Today’s applications are more complex than ever and it can be very challenging to set up and maintain these environments. Many organizations resort to a small number of shared environments, but you are trying to keep up with frequent developer builds, concurrent projects, and ever-changing data.

This session introduces Microsoft’s Lab Management solution which allows developers and QA to self-provision their own environments. We’ll look at you can take advantage of virtualization (on-premises or cloud) to create environments, roll them back to known states, and attach them to bugs while minimizing the labor in your data center.

During this event, your local MTM Specialist will provide you an inside look and show you the capabilities of Microsoft Test Manager. Furthermore, we’ll cover how quality is an accountability and addressable by the entire development organization.

REGISTER NOW at a city near you using one of the links provided:

10/10 Southfield, MI

10/22 Milwaukee, WI

10/23 Chicago, IL

10/24 Indianapolis, IN

10/28 Nashville, TN

10/29 St. Louis, MO

10/30 Kansas City, KS

11/4 Columbus, OH

11/6 Cleveland, OH

11/6 Edina, MN

Event starts promptly at 9am. Complimentary Food & Beverages provided in the morning

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Are You on Windows 8 RTM yet? Get going in under 30 minutes flat!

by Angela 29. August 2012 10:33

So, I have been on the Windows 8 Customer Preview since about February, and I owe that to Eric Boyd who published this kick-ass tutorial with video, to walk you through the process of setting up a Boot to VHD environment for Windows 8.  He really “dumbs it down” which I love. And let’s be clear, I am not dumb, but I am effing LAZY, and if I can accomplish the same end result in fewer, simpler steps, SIGN ME UP!

Since I do a lot of client work, I didn’t want to completely scrap my current Windows 7 setup with all of my Visual Studio/MTM/TFS 2010 tools.  At the same time, I really want to be using Windows 8 with Visual Studio/MTM/TFS 2012, without giving up access to my 8-core processor and 16GB of RAM.  I know, I am a lucky girl Smile  So, having a dual boot option with Win 8 running darn near native was the perfect setup for me.  I can choose to boot to either Win 7 + VS 2010 or Win 8 + VS 2012. I know, VS 2010 can live side by side with 2012 but I had encountered issues in the past with them fighting each other, and would rather not mess with it.  Plus if I ever need to pave Windows 8 again, it’ll take me all of 30 minutes to do it, obviously, or I wouldn’t be writing this post. 

Here is where it gets really awesome. There wasn’t much to the update.  I literally went to the drive that housed my old Win8.vhd and deleted it. Now, be sure you’ve backed everything up, unless like me you are using some kind of wonderful back-up tool like SkyDrive or DropBox.  Just be sure to disconnect the image from your backup software before blowing it away so you don’t accidentally tell it to clear your stored data!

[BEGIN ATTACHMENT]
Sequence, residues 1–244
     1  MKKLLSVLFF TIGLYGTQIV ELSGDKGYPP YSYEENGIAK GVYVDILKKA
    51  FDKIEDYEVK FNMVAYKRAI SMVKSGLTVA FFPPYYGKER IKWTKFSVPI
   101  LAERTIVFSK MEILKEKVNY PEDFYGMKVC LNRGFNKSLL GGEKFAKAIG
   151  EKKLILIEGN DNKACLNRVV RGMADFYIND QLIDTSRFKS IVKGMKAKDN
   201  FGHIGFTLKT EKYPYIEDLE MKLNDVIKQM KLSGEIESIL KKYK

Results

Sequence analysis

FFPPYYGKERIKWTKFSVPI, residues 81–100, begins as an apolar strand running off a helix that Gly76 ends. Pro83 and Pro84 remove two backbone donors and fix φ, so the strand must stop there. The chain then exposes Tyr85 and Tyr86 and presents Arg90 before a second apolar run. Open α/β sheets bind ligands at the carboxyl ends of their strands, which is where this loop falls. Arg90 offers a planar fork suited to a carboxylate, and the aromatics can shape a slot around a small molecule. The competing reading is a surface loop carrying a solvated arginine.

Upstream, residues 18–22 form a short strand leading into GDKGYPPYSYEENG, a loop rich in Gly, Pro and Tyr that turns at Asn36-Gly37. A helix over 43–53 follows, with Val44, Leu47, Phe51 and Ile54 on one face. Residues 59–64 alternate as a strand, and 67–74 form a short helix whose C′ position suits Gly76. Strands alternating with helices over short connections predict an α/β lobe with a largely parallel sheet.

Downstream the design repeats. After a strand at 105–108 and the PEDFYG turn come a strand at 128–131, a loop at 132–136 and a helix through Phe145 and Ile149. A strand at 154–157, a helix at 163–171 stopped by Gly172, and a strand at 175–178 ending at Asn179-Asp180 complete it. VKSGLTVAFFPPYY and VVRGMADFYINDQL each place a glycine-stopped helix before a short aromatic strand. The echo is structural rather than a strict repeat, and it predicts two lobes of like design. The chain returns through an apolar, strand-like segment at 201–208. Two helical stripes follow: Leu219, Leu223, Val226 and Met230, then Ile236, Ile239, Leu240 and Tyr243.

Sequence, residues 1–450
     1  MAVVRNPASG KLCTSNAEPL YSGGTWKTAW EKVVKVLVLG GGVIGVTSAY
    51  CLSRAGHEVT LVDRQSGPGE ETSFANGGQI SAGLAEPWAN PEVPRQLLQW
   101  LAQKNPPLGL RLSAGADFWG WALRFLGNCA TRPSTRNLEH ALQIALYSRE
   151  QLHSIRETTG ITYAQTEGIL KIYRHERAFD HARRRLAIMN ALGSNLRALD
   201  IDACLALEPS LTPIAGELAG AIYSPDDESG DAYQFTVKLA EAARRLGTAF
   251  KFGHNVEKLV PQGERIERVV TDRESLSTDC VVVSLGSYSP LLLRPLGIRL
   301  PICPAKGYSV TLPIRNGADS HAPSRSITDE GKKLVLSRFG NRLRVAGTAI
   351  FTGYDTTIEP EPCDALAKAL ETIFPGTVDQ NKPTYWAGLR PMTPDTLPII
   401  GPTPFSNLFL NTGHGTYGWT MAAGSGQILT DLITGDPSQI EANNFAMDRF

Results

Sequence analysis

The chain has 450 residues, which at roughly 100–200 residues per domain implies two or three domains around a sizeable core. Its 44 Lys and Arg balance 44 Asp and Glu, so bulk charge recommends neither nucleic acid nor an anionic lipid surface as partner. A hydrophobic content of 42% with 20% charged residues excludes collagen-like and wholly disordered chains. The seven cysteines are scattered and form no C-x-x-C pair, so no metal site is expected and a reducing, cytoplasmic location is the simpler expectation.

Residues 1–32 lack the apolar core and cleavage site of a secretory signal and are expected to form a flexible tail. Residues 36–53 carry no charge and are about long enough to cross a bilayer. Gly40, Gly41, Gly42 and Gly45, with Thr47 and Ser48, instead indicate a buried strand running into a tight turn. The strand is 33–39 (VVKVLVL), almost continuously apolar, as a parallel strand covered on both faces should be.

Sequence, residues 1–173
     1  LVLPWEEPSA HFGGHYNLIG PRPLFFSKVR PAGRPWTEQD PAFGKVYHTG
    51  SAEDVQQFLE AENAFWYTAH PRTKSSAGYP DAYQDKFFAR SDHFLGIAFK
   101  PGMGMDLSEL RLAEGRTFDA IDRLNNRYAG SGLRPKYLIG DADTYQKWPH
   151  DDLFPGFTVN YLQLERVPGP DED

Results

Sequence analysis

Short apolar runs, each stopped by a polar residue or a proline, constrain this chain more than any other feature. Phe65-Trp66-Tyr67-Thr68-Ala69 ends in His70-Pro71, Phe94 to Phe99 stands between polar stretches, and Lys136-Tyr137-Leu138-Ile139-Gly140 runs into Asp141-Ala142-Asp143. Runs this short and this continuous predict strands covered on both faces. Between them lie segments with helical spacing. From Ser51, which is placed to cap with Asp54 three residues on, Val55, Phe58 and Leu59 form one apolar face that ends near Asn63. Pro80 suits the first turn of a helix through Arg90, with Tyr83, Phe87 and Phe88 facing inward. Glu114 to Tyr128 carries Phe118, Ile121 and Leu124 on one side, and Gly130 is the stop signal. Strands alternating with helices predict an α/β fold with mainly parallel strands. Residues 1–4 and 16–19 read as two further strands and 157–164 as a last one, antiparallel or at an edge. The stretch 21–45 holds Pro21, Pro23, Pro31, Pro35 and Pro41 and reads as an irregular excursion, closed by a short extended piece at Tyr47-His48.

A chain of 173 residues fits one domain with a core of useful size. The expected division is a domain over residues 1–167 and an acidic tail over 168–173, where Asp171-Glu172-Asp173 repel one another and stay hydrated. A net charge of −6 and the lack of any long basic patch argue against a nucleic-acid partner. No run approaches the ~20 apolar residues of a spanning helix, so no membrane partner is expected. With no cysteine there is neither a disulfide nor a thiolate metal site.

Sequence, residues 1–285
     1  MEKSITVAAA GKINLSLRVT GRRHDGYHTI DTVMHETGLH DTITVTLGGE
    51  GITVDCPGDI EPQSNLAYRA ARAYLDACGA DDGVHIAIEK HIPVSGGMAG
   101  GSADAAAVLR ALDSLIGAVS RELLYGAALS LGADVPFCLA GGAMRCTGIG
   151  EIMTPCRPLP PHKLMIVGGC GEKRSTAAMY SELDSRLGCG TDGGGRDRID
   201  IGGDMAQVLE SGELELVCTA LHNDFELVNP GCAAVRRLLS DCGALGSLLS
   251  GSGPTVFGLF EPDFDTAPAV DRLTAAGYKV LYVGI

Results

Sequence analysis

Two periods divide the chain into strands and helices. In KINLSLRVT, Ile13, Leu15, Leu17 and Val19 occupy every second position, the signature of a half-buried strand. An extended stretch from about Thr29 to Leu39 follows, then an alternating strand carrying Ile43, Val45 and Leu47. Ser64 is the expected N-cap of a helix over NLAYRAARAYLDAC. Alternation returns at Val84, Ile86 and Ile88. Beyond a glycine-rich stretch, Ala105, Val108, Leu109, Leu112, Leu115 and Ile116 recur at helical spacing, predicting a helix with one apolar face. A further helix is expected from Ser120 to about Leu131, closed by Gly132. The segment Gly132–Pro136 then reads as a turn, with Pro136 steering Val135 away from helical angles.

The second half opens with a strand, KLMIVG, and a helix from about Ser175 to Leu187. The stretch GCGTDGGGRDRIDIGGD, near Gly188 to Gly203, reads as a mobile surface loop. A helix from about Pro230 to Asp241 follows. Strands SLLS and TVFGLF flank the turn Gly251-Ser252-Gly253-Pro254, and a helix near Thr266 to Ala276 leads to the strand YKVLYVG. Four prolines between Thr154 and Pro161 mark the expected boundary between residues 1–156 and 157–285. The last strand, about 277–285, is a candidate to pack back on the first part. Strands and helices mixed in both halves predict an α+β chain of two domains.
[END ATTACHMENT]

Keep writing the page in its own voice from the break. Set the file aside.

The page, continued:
Back to my point. I simply went to my c:\VHD folder, deleted the Win8.vhd file, and then went back through Eric’s tutorial using the latest Windows 8 iso. Easy as pie! 

Just to recap, this was literally all I had to do:

  1. Download the Win 8 iso from MSDN and write down my product key
  2. Then according to Eric’s instructions perform the following commands (your drive letters may vary):
    • create vdisk file=C:\VHD\Boot\Win8\Win8.vhd maximum=60000 type=expandable
    • select vdisk file=C:\VHD\Boot\Win8\Win8.vhd
    • attach vdisk
    • create partition primary
    • assign letter=V
    • imagex /info G:\sources\install.wim  <—only difference is a second options 1 = professional, 2 = core. So most of you will still pick “1”
    • imagex /apply G:\sources\install.wim 1 V:\
    • bcdboot V:\Windows 
  3. Boot and enjoy!  

Like I said, about 35 minutes door-to-door to get the VHD configured and ready. Applying the Win 8 iso was literally the longest running step in the entire process (24 minutes for me), but alas we cannot speed that up. Once you boot into your Win 8 VHD, there will be some more setup, especially if your past experience was with the Preview. Here is a run-down of what to expect here:

  1. Choose the Win 8 Options from the boot menu
  2. You’ll see a message about “Getting devices ready”, this may take a few minutes
  3. “Getting Ready” message appears
  4. I was then prompted again to select my OS (I left the room so it must have rebooted as part of setup)
  5. Then enter your product key and accept terms
  6. Choose some personalization options (colors, wireless router to connect to, express settings, etc.)
  7. Sign into your account
  8. Win 8 installs some base apps, gives you a little color rotator show while things happen, applies some final settings and off you go!
  9. Don’t forget to download SkyDrive to re-sync all your stuff, and turn on the HyperV feature!

Ahhhhhhhhhhhh…

WP_001022

Tags:

Windows 8 | SkyDrive | Hyper-V